I lay upstairs in bed last night listening to the sounds of the house – the clapboard walls, the floorboards, the furniture creaking as they cooled; in the cellar, the oil heater flow control valve clanking as it got stuck and unstuck when the heater turned on. (I made an appointment with a plumber to repair the valve months ago, but he never showed up.) I listen for the sounds of Emma. She is quiet, sleeping peacefully.
Emma experienced another agitation bout over the weekend; I should say we both experienced it. I did not call Hospice: I hesitated because our regular team was off for the weekend, and I did not want to experience another verbal battering as I had the day after Christmas and over New Year’s with the patient care administrator and the on-call nurses. This callous handling of Emma’s and my situation apparently has left me traumatized, because I have not recovered; I feel unsettled still. This weekend I determined it less stressful to me to manage Emma’s agitation myself even if it meant my being up all night and unless she got out of hand than to submit to a potential psyche pitting spew from an on-call staff. During the night and early in the morning, Emma threw off her covers and skewed herself around in bed so that she got her head between the rails on one side of her hospital bed and her legs through the rails on the other side. I dislodged her, straightened her body, pulled up the covers and gave her the Atavan to calm her; after the third dose (one every four hours), she quieted.
In the wake of such events, Emma sleeps for two days. As noted to be normal in our Hospice booklet about the end of life, she sleeps with her mouth open; she appears startlingly like the figure in Edvard Munch’s expressionist painting, “The Scream,” the silent scream. After a while she will close her mouth and sink into an apparent deep sleep. She refuses food and drink during this period. Last evening, Monday, with encouragement, she accepted the delicious potato soup our aide’s mom made. Our aide waved a spoonful under Emma’s nose until Emma opened her mouth. Emma’s blood pressure has been slowly rising over the past month, so when Tess, our nurse, came Monday afternoon, she contacted the doctor and he increased her blood pressure medication to its previous level a few weeks before Thanksgiving.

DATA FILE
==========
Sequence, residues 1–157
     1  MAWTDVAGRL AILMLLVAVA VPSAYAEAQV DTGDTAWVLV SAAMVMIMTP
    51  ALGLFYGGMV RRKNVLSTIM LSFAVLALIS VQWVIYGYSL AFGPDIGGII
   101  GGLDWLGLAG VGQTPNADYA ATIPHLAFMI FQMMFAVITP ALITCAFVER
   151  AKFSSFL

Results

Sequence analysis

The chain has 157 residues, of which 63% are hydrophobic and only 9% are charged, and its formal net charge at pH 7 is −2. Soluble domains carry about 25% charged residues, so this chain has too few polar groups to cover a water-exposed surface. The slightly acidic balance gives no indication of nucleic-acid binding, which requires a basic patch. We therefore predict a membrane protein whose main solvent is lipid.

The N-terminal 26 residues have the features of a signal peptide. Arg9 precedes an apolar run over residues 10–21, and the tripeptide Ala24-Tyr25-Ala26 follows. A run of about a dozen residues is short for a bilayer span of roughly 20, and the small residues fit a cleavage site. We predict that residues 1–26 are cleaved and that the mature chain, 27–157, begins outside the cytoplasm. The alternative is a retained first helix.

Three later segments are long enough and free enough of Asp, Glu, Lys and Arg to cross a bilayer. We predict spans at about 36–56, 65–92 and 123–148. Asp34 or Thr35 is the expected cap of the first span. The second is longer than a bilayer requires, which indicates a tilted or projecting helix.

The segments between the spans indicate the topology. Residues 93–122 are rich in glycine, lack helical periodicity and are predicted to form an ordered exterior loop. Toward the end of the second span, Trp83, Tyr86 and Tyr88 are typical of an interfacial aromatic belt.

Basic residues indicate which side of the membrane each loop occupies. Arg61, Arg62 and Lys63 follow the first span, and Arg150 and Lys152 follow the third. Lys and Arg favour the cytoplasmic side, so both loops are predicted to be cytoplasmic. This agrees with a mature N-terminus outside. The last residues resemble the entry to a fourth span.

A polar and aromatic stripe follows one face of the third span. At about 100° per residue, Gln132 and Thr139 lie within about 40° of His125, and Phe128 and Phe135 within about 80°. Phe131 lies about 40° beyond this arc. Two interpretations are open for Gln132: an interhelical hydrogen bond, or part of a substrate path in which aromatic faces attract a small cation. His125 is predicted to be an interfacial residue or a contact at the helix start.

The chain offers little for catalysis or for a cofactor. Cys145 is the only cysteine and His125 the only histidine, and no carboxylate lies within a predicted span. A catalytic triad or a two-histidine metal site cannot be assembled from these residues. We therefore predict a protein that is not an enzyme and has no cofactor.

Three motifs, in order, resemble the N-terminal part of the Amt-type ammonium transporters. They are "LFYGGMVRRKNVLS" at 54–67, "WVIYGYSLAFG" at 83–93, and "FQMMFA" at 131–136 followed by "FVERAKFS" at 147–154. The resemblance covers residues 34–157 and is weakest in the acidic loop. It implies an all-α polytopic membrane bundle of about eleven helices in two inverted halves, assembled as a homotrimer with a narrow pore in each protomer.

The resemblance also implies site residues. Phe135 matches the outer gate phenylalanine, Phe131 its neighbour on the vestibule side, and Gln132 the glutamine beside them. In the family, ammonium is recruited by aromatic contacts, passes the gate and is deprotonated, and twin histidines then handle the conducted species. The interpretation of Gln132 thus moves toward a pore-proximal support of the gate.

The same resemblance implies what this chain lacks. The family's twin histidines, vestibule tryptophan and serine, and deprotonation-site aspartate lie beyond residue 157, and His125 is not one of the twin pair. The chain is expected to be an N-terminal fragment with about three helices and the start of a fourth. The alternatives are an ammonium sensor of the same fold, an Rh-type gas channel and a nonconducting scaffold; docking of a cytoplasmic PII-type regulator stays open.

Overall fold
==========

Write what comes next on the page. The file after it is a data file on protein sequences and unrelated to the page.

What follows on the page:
It is difficult to watch a loved one’s life slowly slipping away, as you may know. We can only hope that they remain comfortable and suffer little; it is hard to know what goes on in the mind of a dementia patient – other than “movie trailers” of seeking lost loves, of being lost and trying to find the subway and the way home. After shopping in town in Philadelphia, we’d board the subway train, ride west under Market Street until the train emerged from the tunnel near Drexel University, up into the light and the elevated rails – where we could look back over the intertwining and separating tracks at the Pennsylvania Railroad 30th Street Station – and then terminating another few miles west where the Philadelphia city line meets the suburbs, 69th Street Terminal. Maybe it is true, then, that as the last breath leaves our body, we do pass through a tunnel up into the light.
To repeat what I said in an earlier chapter here, my father said to me near the end of his life, “I wonder what it’s like when we die?” “Let me know,” I told him. I don’t believe he has; but, rather, Mother is telling me.
–Samantha Mozart, Tuesday, January 10, 2012